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Wednesday, August 01, 2018

Reacting to the book, Do Not Say We Have Nothing by Madeleine Thien

I decided to join my son in reading the book Do Not Say We Have Nothing by Madeleine Thien, and similar to other experiences when I've learned something for the first time, I am wondering how could I live to be this old and not know much about the history of China? How could I teach so many children of Chinese immigrants and not know much about the history of that country, and how could I have been alive during times of such great turmoil in China and not understand the depth and impact of what was happening there?

To read this book was to enter into the story of multiple generations of a Chinese family who lived throughout China, Hong Kong, Canada, and the United States. To read this book was to consider government's affect on family, culture, the arts, and relationships. It was also an opportunity to think about personality, choice, and family ties.

I must say I ached as I read the book and became very irritable. I hated the scenes of oppression and the evident drive by some to ruin past creations such as music, instruments, homes, and other artifacts--items that took tremendous inspiration and hard work. I didn't like the will to make people act the same rather than be the individuals they are, and I was so saddened by the characters' lack of personal freedom to live and choose to be and do what they desired.

I am one who believes in nurturing people's unique and positive talents, interests, and passions. I marvel at the wonderful traits that people hold and see those traits as gifts to all of us and gifts to focus on, make stronger, and share for the benefit of others. To deny an individual his/her gifts, vision, unique abilities seems cruel and limiting to me because I believe we can all benefit from each others passions and gifts.

I also hated the scenes of blatant hate and harm, scenes where people were tormented for simply being who they were, loving what they loved, and imparting their wisdom, interests, or skills. And I deplored the scenes which showed no compassion or understanding of children--scenes where children were made to see and/or experience harsh realities.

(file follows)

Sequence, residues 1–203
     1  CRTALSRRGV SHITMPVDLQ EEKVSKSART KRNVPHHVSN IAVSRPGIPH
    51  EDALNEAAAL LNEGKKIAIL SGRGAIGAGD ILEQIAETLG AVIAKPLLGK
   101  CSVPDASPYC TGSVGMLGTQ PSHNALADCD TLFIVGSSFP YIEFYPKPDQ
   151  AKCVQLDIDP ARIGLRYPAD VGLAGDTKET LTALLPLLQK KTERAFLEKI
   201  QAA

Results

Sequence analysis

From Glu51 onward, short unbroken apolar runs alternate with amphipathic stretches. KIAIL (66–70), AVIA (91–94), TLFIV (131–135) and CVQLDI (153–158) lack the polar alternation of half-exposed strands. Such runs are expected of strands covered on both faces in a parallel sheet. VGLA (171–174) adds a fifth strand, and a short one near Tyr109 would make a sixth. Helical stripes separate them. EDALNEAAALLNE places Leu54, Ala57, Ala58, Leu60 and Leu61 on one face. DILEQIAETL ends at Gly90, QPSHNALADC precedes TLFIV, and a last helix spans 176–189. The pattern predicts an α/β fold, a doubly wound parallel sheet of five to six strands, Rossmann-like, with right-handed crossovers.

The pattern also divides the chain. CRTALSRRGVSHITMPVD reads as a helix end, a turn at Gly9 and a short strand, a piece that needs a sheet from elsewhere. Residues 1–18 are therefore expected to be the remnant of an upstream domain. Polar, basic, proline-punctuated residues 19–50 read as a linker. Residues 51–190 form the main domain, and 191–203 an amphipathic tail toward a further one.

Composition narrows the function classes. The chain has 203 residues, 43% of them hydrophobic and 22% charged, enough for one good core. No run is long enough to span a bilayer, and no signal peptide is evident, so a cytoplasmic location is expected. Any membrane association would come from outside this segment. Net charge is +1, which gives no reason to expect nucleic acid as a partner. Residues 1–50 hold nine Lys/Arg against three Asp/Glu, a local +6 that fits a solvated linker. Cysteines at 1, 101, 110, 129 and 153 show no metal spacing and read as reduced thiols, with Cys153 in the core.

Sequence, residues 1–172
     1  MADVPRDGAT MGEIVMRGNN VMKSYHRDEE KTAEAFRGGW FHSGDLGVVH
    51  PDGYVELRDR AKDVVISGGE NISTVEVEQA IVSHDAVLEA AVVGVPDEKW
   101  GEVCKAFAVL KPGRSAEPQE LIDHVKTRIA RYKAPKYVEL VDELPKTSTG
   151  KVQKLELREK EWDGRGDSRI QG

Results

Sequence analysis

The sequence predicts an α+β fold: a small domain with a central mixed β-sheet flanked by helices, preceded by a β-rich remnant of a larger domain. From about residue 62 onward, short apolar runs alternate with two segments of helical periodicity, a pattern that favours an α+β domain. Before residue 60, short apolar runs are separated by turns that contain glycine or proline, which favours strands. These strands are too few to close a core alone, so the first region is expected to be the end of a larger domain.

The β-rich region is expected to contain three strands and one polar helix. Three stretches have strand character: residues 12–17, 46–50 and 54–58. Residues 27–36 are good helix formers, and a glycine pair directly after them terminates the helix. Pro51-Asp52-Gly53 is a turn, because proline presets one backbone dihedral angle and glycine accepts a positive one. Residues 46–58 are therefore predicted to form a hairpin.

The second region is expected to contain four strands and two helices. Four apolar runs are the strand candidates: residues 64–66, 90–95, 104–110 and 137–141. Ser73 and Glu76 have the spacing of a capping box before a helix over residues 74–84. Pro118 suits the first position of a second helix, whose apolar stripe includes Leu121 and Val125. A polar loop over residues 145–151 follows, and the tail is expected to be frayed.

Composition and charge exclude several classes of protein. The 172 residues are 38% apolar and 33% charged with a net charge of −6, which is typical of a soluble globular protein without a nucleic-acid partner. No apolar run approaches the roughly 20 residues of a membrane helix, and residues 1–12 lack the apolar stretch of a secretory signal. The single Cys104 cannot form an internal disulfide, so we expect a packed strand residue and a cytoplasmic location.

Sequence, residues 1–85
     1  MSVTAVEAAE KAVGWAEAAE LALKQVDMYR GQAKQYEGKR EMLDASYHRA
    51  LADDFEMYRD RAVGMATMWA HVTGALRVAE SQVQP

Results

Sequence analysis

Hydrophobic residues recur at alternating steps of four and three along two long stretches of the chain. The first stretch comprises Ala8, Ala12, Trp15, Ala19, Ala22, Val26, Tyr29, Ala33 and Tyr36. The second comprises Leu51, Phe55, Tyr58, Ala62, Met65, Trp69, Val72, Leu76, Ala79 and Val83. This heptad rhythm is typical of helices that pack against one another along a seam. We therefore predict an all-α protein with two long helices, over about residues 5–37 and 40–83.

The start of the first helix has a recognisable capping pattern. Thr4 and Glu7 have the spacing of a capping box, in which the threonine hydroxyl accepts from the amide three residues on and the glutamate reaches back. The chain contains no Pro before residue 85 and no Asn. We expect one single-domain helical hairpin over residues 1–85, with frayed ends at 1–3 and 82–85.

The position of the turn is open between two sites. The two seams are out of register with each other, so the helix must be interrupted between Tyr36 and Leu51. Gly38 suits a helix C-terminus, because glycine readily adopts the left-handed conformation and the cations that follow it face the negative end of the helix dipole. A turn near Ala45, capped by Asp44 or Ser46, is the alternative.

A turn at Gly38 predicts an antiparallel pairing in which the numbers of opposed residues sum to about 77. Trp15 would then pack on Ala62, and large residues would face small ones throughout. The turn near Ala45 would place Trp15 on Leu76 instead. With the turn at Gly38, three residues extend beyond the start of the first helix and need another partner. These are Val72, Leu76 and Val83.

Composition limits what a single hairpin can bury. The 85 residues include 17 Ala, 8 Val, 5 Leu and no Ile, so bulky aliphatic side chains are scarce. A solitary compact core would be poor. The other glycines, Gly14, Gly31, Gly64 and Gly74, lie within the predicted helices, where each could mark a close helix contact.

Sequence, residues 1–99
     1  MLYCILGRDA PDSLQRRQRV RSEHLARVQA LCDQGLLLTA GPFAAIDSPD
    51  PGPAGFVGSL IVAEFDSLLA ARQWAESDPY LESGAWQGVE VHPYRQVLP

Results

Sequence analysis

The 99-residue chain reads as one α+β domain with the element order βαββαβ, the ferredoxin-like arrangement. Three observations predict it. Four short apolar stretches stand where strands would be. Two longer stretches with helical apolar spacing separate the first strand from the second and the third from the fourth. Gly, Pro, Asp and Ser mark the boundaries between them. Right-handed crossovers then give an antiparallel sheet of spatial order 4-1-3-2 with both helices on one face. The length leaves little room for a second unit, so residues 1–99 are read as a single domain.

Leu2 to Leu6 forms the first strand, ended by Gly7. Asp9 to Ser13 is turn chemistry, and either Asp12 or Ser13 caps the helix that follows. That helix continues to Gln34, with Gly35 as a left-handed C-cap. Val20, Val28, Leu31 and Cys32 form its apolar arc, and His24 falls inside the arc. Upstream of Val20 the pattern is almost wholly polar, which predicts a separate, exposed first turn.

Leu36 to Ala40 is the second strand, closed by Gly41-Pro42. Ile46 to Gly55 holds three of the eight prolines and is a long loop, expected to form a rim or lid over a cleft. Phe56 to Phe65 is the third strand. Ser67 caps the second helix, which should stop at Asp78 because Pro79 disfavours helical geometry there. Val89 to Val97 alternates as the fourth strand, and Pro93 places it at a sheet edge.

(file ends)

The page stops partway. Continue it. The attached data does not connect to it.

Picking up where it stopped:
The book made me wonder about how we face hard times as the characters in the story faced the challenges that existed in different ways. The book also made me realize that fate plays a role too--some were able to survive a harsh set of circumstances while others were overcome by that reality.

The story made me want to learn more about China. I want to study the country via a map, movies, more reading, and possibly a visit someday. Further, the story made me consider different types of relationships and now those relationships affect our lives. It was definitely a story that I'll return to again and again in time, a story that opened the door to more learning, wondering, and understanding about China and the many people who have lived there, live there still, and who have immigrated from there.

Most of all the book made me want to work for free countries with governments that respect and uplift the lives of individuals. I will be interested in discussing the book with my son to see what stood out for him and what questions remain as well.